Area Forecast Discussion
Issued by NWS Chicago, IL

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FXUS63 KLOT 191135

Area Forecast Discussion
National Weather Service Chicago/Romeoville, IL
635 AM CDT Wed Jul 19 2017

335 AM CDT

Through Thursday Morning...

Forecast concerns in the short term center on potential storm
complex moving into the area tonight, and with it an attendant
wind and heavy rain threat. Have expanded the likely thunderstorm
mention in the forecast for overnight in northern Illinois north
of I-80/88 and boosted rainfall amounts some. Still modest to high
uncertainty for 24 hours out in the more precise path of this
storm complex from the Upper Mississippi Valley toward our region,
as well as the rate of any weakening overnight/early Thursday
morning. Also, while this would produce a period of very heavy
rainfall, confidence in this propagating quick is higher, so that
will limit duration of such rain.

The humid air has invaded the area early this morning with dew
points generally in the upper 60s/lower 70s. A surface trough/weak
cool front is draped across southern Wisconsin and will move
slowly southward this morning, and become stationary this
afternoon as it re-orients as a warm front. With very rich
moisture in the low-levels (850mb-surface), spotty storms are
possible this morning and afternoon. The focus this afternoon will
be primarily along this boundary. Convergence looks to be quite
weak during peak heating, however given the moisture and mixed
layer CAPEs (1500 J/kg), it may not be too difficult to trigger
a couple storms.

Temperatures today will depend on that boundary location, with
northeast winds expected northeast of this. The boundary is
presently forecast to be near a Rockford-to-Valparaiso line, with
mid 80s northeast (upper 70s lakeside), and around 90 south. With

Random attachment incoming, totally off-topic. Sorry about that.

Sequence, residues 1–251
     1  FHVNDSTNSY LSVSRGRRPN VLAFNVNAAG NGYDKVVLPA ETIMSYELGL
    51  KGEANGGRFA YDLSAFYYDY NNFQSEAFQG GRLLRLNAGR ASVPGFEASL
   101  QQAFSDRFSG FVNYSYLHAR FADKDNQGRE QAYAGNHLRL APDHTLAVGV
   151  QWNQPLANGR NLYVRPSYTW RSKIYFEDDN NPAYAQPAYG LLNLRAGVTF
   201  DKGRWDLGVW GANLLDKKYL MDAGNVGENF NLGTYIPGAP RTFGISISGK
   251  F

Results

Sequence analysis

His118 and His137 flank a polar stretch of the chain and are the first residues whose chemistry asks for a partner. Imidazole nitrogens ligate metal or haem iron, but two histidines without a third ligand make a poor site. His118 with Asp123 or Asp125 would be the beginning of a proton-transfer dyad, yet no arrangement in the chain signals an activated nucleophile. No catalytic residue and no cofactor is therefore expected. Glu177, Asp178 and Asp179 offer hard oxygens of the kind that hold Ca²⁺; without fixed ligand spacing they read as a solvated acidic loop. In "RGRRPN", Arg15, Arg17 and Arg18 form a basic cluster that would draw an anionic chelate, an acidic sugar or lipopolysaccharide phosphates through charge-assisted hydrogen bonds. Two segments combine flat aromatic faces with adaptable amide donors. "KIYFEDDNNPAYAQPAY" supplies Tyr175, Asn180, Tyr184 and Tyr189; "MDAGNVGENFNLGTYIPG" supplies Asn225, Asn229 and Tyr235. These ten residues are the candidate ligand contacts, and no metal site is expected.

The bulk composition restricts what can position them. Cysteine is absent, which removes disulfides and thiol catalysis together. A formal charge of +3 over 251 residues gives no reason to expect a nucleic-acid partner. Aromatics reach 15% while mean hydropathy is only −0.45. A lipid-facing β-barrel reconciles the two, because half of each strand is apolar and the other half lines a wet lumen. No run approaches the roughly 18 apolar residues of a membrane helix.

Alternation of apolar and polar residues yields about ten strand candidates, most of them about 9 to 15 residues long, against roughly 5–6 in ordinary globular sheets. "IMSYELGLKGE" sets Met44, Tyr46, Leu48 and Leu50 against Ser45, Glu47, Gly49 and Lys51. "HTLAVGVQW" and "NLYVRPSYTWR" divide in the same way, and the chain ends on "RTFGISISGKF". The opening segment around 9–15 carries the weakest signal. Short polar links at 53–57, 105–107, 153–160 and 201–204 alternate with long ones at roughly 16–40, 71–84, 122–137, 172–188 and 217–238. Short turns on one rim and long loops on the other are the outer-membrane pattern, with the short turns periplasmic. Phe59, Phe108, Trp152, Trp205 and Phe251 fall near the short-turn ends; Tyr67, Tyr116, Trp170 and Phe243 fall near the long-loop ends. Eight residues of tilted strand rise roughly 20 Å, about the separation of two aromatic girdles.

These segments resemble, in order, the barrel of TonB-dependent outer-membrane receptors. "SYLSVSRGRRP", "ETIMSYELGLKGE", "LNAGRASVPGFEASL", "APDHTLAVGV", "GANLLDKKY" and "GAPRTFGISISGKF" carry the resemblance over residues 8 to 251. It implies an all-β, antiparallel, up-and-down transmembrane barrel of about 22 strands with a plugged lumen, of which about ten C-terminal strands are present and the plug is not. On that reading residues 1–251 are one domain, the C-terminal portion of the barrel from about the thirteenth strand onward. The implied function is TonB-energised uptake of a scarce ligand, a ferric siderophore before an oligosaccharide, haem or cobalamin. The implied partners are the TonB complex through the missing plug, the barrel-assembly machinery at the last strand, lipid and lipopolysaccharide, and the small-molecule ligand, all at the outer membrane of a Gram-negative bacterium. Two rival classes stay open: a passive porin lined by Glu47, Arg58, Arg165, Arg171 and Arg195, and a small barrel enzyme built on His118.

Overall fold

that forecast, heat index readings in the south/southwest will
dabble around 100.

With regard to storms overnight, initiation of storms is expected
in the eastern Dakotas/southern Minnesota region this afternoon
ahead of a potent short wave on the northern periphery of the
strong, summer ridge. While the upper jet of 115+ kt moves nearly
due east and the mean layer winds are closer to due east, expect
that the forecast organized storm complex will ride the
instability gradient, taking it more southeast. This means into
or clipping northern Illinois overnight. In addition, Corfidi
vectors which take into account replenishing inflow, take the
complex more southeast on all guidance. So have followed closer to
the 19.00 GFS and NAM solutions, with highest PoPs in northeast
Illinois (east of I-39 and north of I-80). While the HRRR
solutions are bringing the storm complex into northern Illinois by
late evening, feel they are too quick, and favor more so after

The maintenance parameters for this mesoscale convective system
(deep layer shear, shear balance, instability, low-level jet) all
favor the MCS to hold together fairly well to at least near the
northern CWA edge. A damaging wind threat does exist with this as
far southeast as our area especially if the system accelerates.
The plethora of CAMs generally indicate a well-defined both at
least to our northwest, and some into our area. For rainfall, see
the hydrology discussion for more.



346 AM CDT

Thursday Afternoon Through Tuesday...

Certainly for Thursday afternoon and night, and likely even into
Friday, will depend on how the overnight MCS pans out, as its
associated outflow/modulated frontal boundary will be key and have
a domino effect lasting 24-48 hours. Not only will this impact
storm chances and focus areas but also temperatures, especially

Assuming the MCS has some in-roads into the CWA late tonight, this
lowers confidence quite a bit in upper 80s to lower 90s on
Thursday. It will not take much recovery time though if we do
have morning clouds/cooler air, as the thermal ridge of 850mb
temperatures above 20C will be directly over the area. If the
southern CWA is not affected at all, there could be mid 90s and
near heat advisory.

As the boundary begins to move back northward, most likely on
Thursday night, the baroclinic zone will serve as a focus for
isolated/scattered storms. These would have a heavy rain/training
concern, though very difficult to say where in the region that
would be. For Friday, a stronger short wave and associated speed
max in the westerlies is forecast and that would likely yield more
storm coverage and robustness into Friday night. Presently this is
in southern Wisconsin/far northern Illinois, and if that were to
pan out verbatim there would be heightened flooding concerns, but
confidence remains lower. The boundary is forecast to shift into
the area during the start of the weekend and clear the CWA by the
middle to end of the weekend. A lot of uncertainty in this period,
but needless to say, thunderstorm chances maintained.

For late week heat, the northern extent of the highest
temperatures will depend heavily on convective influence. The
high dew points will be found areawide, and may even be a little